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Election officials count votes at the Allegheny County elections warehouse in Pittsburgh Friday. Photo: Jeff Swensen/Getty Images

Pennsylvania Republicans asked the Supreme Court on Friday to reiterate the rules for counting mail-in votes in the state, while acknowledging that they have no evidence to suggest those rules aren't being followed. The court granted the request late Friday.

The big picture: The Trump campaign has been clear that it wants to get the election before the Supreme Court somehow or another, but this new effort, as the results in Pennsylvania become clearer, is still highly unlikely to make much of a difference.

Details: Pennsylvania election officials said before Election Day that they would count mail-in ballots that were postmarked by Nov. 3 but arrived a few days later. There's an ongoing legal dispute about whether that extension was legal.

  • Because the extension is in dispute, state courts ordered Pennsylvania to segregate late-arriving votes from those that arrived on time — in case the late ones ultimately don't count.
  • Pennsylvania's secretary of state has issued two memos to election officials ordering them to comply with that instruction and keep the ballots separate.
  • The Pennsylvania Republican Party filed an emergency petition with the U.S. Supreme Court on Friday asking it to issue its own order requiring those ballots to be kept separate.
  • The party did not present any evidence or allegations that county officials aren't complying with the requirements, but said that "in the fast-paced and chaotic pace of postelection events in Pennsylvania, it is unclear whether all 67 county boards of elections are currently segregating late-arriving ballots."

The big picture: If the high court grants this request, it would allow Republicans to say they got something out of the Supreme Court — but it would be something they already had, and that's unlikely to make a difference.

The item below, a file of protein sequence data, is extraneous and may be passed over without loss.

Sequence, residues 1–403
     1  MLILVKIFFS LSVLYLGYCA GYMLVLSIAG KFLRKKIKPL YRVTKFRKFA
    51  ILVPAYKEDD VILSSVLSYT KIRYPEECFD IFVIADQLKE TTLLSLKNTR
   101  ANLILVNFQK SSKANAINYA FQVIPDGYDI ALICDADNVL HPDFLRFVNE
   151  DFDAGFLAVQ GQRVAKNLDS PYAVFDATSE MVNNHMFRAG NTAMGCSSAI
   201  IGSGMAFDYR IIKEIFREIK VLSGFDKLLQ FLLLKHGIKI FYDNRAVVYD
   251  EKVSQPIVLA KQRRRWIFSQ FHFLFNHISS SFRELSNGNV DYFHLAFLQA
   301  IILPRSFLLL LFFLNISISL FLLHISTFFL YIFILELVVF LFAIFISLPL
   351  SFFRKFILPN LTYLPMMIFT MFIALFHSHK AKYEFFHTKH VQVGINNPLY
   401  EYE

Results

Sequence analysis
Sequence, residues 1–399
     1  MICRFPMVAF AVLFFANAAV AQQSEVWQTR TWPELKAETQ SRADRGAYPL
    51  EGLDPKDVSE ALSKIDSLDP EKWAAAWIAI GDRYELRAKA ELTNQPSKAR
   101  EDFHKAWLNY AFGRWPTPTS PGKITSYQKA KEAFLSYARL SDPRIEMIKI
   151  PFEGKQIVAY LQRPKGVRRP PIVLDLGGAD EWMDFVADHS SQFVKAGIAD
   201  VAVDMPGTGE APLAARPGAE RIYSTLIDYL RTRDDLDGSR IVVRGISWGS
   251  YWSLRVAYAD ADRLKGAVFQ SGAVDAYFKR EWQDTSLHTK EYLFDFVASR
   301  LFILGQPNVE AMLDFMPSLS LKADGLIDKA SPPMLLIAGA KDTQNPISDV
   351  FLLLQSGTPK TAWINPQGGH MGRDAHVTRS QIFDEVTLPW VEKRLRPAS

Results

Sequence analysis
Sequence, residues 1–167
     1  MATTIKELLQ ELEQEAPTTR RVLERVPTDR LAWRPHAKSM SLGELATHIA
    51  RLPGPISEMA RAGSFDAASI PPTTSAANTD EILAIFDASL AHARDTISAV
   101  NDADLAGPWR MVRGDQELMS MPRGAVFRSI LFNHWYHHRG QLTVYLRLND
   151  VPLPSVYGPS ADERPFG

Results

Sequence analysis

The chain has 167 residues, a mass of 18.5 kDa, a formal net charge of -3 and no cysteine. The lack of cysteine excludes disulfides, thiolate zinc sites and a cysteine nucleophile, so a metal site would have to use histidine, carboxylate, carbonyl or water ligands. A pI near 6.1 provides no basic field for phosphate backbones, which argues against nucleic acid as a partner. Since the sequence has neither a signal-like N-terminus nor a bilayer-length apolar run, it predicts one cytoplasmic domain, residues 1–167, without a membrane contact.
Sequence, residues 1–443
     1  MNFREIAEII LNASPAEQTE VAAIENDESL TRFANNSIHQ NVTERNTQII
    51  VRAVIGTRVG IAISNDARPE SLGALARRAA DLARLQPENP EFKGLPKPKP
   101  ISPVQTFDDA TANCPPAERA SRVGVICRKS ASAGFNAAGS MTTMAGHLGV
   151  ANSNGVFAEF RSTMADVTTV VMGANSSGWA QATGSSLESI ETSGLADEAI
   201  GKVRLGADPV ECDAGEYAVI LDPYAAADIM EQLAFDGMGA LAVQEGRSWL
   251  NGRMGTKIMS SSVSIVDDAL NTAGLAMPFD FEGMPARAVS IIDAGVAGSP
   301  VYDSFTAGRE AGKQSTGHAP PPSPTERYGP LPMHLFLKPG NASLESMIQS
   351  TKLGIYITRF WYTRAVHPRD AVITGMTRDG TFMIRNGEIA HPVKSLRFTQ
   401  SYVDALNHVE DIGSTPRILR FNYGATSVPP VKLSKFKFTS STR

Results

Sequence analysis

• These late-arriving ballots are very unlikely to determine who wins Pennsylvania. The state has said there aren't that many of them. If Biden can win the state without those votes, this case won't matter.
  • And while election-season emergency petitions are unique, the Supreme Court is not typically in the habit of issuing just-to-be-on-the-safe-side orders when no legal violation has been alleged.

This story has been updated to note that Justice Samuel Alito granted the request.

Go deeper

Off the Rails

Episode 1: A premeditated lie lit the fire

Photo illustration: Sarah Grillo/Axios. Photo: Chip Somodevilla/Getty Images

Beginning on election night 2020 and continuing through his final days in office, Donald Trump unraveled and dragged America with him, to the point that his followers sacked the U.S. Capitol with two weeks left in his term. This Axios series takes you inside the collapse of a president.

Episode 1: Trump’s refusal to believe the election results was premeditated. He had heard about the “red mirage” — the likelihood that early vote counts would tip more Republican than the final tallies — and he decided to exploit it.

"Jared, you call the Murdochs! Jason, you call Sammon and Hemmer!”

Updated 4 hours ago - Politics & Policy

Senate action on stimulus bill continues as Dems reach deal on jobless aid

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Democratic leaders struck an agreement with Sen. Joe Manchin (D-W.V.) on emergency unemployment insurance late Friday, clearing the way for Senate action on President Biden's $1.9 trillion stimulus package to resume after an hours-long delay.

The state of play: The Senate will now work through votes on a series of amendments that are expected to last overnight into early Saturday morning.

Capitol review panel recommends more police, mobile fencing

Photo: Olivier Douliery/AFP via Getty Images

A panel appointed by Congress to review security measures at the Capitol is recommending several changes, including mobile fencing and a bigger Capitol police force, to safeguard the area after a riotous mob breached the building on Jan. 6.

Why it matters: Law enforcement officials have warned there could be new plots to attack the area and target lawmakers, including during a speech President Biden is expected to give to a joint session of Congress.